thoracic cavity

(redirected from chest wall)
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Related to chest wall: chest wall pain
ThesaurusAntonymsRelated WordsSynonymsLegend:
Noun1.thoracic cavity - the cavity in the vertebrate body enclosed by the ribs between the diaphragm and the neck and containing the lungs and heartthoracic cavity - the cavity in the vertebrate body enclosed by the ribs between the diaphragm and the neck and containing the lungs and heart
bodily cavity, cavum, cavity - (anatomy) a natural hollow or sinus within the body
mediastinum - the part of the thoracic cavity between the lungs that contains the heart and aorta and esophagus and trachea and thymus
chest, pectus, thorax - the part of the human torso between the neck and the diaphragm or the corresponding part in other vertebrates
References in periodicals archive ?
This is a monumental time for Celsion, as the Company leverages the compelling data emerging from its ThermoDox program to support clinical programs in Europe and provide access to liver cancer and recurrent chest wall breast cancer patients who are in desperate need of new treatment options," said Dr.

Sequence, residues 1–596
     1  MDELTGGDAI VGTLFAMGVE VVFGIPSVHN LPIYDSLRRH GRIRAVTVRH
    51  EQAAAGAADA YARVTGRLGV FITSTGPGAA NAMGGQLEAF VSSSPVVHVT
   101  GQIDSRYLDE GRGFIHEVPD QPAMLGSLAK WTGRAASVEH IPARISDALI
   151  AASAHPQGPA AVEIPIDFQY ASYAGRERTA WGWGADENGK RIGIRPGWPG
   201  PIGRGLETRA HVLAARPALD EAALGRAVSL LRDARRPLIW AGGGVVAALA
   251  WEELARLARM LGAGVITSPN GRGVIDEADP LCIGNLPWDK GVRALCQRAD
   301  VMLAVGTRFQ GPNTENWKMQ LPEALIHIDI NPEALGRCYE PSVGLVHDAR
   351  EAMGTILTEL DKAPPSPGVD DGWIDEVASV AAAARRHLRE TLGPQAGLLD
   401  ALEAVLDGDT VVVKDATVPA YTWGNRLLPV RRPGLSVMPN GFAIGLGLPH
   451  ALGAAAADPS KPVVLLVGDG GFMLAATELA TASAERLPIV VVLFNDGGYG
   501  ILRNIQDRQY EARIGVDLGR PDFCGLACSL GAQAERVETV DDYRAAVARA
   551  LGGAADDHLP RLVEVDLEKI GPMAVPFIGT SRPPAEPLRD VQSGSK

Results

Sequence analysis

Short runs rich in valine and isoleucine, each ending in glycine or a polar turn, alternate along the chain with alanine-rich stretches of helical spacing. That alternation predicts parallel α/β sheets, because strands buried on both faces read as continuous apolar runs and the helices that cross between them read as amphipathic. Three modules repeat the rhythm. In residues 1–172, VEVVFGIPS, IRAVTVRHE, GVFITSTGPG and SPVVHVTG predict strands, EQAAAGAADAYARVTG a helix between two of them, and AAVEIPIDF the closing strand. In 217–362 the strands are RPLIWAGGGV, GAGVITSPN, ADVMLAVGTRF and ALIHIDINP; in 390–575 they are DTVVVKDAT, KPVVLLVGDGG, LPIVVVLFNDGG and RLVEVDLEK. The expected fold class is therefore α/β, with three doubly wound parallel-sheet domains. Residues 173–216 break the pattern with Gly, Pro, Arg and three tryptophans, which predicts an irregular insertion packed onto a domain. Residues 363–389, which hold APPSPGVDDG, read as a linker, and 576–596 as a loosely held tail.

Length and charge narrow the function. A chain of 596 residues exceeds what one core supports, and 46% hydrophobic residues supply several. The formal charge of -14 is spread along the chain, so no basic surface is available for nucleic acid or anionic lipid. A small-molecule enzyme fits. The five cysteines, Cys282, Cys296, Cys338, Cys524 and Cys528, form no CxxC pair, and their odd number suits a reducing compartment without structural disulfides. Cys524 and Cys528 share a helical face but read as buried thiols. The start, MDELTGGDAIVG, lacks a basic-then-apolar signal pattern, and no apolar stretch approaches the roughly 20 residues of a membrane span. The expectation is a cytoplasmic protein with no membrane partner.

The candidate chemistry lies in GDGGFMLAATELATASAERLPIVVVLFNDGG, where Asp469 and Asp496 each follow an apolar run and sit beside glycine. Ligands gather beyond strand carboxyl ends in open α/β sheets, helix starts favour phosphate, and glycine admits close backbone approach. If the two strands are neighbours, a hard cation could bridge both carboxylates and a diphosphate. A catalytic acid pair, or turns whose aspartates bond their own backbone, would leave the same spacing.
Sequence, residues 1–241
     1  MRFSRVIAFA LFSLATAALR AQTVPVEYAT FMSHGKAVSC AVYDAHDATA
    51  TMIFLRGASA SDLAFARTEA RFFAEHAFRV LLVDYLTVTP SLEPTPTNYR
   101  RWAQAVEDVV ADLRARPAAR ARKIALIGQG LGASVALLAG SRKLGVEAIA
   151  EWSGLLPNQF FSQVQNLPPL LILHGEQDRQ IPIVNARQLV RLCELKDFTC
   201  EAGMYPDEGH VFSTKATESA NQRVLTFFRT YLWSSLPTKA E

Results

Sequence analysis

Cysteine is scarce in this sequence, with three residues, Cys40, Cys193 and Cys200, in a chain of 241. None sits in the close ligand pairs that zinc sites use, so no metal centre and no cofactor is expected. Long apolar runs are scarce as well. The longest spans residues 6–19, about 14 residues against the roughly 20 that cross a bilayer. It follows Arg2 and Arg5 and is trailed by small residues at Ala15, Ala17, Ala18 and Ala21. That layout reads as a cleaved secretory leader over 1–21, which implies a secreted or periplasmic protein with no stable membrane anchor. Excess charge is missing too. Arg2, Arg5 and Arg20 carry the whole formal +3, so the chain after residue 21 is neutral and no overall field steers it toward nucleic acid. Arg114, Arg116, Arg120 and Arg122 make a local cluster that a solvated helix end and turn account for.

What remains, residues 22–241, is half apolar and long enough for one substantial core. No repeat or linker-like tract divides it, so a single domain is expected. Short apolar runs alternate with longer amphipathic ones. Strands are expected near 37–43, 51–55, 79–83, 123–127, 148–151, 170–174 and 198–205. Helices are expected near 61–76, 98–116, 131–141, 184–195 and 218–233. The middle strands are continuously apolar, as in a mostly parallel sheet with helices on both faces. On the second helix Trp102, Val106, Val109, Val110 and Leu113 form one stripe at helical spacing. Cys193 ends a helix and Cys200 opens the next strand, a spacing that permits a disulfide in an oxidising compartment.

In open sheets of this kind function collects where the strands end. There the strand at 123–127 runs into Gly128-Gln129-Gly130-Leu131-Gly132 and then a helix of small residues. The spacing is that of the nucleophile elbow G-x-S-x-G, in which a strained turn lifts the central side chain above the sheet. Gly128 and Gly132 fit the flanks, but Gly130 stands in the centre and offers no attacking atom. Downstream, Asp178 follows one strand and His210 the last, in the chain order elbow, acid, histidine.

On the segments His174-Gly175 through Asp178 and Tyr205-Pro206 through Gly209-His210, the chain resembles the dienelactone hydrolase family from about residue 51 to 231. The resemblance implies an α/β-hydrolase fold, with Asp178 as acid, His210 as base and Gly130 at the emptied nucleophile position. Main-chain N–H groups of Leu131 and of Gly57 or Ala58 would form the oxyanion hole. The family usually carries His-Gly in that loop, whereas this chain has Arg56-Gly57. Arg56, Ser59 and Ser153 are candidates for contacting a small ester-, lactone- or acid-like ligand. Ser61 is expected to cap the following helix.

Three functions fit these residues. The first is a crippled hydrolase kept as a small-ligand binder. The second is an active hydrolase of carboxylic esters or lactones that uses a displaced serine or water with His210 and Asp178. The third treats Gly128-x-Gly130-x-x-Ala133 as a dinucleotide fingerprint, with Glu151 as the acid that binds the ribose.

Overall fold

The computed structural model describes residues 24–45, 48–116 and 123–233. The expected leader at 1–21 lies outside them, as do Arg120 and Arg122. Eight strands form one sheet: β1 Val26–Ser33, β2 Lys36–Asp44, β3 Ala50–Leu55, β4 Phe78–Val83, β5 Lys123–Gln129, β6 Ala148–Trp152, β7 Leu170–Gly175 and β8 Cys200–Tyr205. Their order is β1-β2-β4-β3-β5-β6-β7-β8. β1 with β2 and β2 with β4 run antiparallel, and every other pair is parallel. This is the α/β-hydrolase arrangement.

VNS implantation is a surgical procedure in which a control battery is implanted in the left chest wall and an electrode is wrapped around the vagus nerve that passes vertically down the neck within the carotid sheath while the patient is under general anaesthesia.
Patients with highly resistant tumors found on the chest wall often see their cancer progress despite previous treatment attempts including chemotherapy, radiation therapy and hormone therapy.
Insufflation increases the intra-abdominal pressure, leading to venous stasis as well as a further lowering in chest wall compliance and increased airway pressure (Ann.
If it does recur, a pleurodesis procedure can be done to get the lung to stick better to the chest wall using a special talc.
Traditional bras fix the breasts to the chest wall.
She explained that the major risk factors are prior radiation exposure to the chest wall, genetic predisposition (history of breast cancer in male and female close relatives), obesity (BMI of 30 and higher), and elevated oestrogen levels (caused by chronic liver damage and/or some genetic conditions like Klinefelter's syndrome).
Although chondrosarcomas are considered the most common primary malignancy of the chest wall and sternum, it is nevertheless a rare lesion as reported in the literature.
The chest wall has the propensity to spring outward when unopposed.
Paradoxical breathing where breathing movements in which the chest wall moves in on inspiration and out on expiration, in reverse of the normal movements * Signs of internal bleeding and shock.
A bifid rib, or sternum bifidum, is a congenital abnormality of the anterior chest wall, with the sternal end of the rib cleft into two.